The Buckingham Palace is the holder of the National Collection of mulberries.

The garden houses the oldest helicopter pad in London – it was first used as such just before Her Majesty The Queen’s Coronation in 1953.

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The Last Word

C ming Full Circle When Amy Chua’s ‘Battle Hymn of the Tiger Mother’ was published in 2011, it launched a volley of brickbats against her recipe for strict parenting. Over the last six years, people have discovered that there is more to the book – and the author herself. Yamini Vasudevan chats with Amy Chua about her journey as a parent and writer.

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n January 8, 2011, the Wall Street Journal ran an article called ‘Why Chinese Mothers Are Superior’ by Amy Chua with an excerpt from her (then) upcoming book, Battle Hymn of the Tiger Mother.

In the article, Amy claims: “A lot of people wonder how Chinese parents raise such stereotypically successful kids…Well, I can tell them, because I’ve done it.”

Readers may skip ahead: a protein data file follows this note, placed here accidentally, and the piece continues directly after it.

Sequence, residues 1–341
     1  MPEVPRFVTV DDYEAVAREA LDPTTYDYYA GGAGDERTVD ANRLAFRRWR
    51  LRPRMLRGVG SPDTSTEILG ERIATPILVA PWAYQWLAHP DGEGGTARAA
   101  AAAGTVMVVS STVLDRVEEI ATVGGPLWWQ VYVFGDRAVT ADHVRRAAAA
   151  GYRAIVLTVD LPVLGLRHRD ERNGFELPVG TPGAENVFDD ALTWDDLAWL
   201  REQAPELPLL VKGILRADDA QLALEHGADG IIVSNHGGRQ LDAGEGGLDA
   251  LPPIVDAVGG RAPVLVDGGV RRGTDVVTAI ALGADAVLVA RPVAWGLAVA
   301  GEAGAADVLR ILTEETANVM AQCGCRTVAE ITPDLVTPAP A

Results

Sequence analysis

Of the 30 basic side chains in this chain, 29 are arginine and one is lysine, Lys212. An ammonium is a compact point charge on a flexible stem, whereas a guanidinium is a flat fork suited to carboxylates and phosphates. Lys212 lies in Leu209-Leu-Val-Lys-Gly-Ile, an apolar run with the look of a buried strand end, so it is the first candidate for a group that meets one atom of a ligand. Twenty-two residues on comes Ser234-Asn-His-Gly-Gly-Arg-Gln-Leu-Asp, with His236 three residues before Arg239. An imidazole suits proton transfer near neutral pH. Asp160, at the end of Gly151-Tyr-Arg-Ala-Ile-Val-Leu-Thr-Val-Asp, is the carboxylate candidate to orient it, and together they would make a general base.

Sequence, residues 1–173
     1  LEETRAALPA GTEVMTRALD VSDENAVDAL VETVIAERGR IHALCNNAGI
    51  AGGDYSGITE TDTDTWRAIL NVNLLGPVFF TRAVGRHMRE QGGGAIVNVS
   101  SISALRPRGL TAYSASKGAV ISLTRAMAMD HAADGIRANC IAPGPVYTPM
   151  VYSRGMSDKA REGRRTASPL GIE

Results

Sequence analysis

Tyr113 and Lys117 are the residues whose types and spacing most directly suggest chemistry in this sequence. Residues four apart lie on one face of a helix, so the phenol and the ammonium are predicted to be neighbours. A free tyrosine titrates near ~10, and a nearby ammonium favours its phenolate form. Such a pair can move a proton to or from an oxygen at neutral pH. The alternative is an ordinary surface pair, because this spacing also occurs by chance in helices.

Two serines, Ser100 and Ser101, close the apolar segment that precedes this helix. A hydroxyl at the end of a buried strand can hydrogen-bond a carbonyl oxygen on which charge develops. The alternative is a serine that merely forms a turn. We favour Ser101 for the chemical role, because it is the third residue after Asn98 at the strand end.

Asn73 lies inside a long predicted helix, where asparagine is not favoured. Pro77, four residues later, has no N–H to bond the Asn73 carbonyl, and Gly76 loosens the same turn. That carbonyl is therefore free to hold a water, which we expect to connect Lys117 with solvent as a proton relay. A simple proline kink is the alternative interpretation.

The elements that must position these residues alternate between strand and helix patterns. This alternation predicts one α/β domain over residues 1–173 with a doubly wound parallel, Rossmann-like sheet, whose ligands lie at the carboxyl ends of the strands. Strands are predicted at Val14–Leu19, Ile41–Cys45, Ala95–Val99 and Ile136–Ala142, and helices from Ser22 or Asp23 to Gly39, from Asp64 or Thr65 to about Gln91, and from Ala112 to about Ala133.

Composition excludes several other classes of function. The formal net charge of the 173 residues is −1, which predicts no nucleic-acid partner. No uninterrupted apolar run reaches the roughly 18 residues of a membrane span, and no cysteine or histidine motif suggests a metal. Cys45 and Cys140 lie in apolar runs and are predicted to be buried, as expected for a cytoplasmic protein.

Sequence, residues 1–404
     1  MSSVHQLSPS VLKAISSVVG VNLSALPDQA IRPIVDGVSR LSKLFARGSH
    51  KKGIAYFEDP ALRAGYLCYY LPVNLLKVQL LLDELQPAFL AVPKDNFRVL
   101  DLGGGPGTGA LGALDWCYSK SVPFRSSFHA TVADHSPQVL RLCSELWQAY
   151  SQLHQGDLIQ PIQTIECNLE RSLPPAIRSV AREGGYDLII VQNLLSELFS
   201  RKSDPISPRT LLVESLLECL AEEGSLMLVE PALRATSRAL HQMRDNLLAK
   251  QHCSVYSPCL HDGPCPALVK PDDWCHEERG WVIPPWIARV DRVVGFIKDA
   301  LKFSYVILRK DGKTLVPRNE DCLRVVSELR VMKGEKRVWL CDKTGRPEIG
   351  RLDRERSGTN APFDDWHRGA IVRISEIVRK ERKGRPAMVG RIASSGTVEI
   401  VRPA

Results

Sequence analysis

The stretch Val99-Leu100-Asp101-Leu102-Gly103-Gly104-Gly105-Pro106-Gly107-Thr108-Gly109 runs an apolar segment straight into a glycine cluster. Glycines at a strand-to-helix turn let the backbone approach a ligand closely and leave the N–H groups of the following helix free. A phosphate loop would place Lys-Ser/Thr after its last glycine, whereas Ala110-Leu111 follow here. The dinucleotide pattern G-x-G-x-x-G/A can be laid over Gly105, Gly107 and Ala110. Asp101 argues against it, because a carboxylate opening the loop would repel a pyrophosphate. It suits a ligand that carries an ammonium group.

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The Last Word

Amy Chua, author of Battle Hymn of the Tiger Mother.

Photos: Courtesy Amy Chua March 2017

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The Last Word

“Tiger parenting works when the parent can successfully combine high expectations with just obviously conveying love to the child...the most important thing is to convey unconditional love.” What follows is a formula of sorts – discipline, discipline and more discipline, and a breakdown of the differences between Western and Chinese parents, with examples thrown in to illustrate the difference. For example, she says, “…my Western friends who consider themselves strict make their children practise their [music] instruments 30 minutes every day. An hour at most. For a Chinese mother, the first hour is the easy part. It’s hours two and three that get tough.”

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he book – a memoir – was based on how Amy brought up her daughters, Sophia and Louisa (Lulu). She talks about how (then) seven-yearold Lulu was made to practice a piece called ‘The Little White Donkey’ on the piano for hours at a stretch without any breaks – not even toilet breaks. Every possible threat (donating Lulu’s doll house to the Salvation Army, no lunch and dinner, no Christmas or Hanukkah presents, no birthday parties for upto four years) was levelled, and Lulu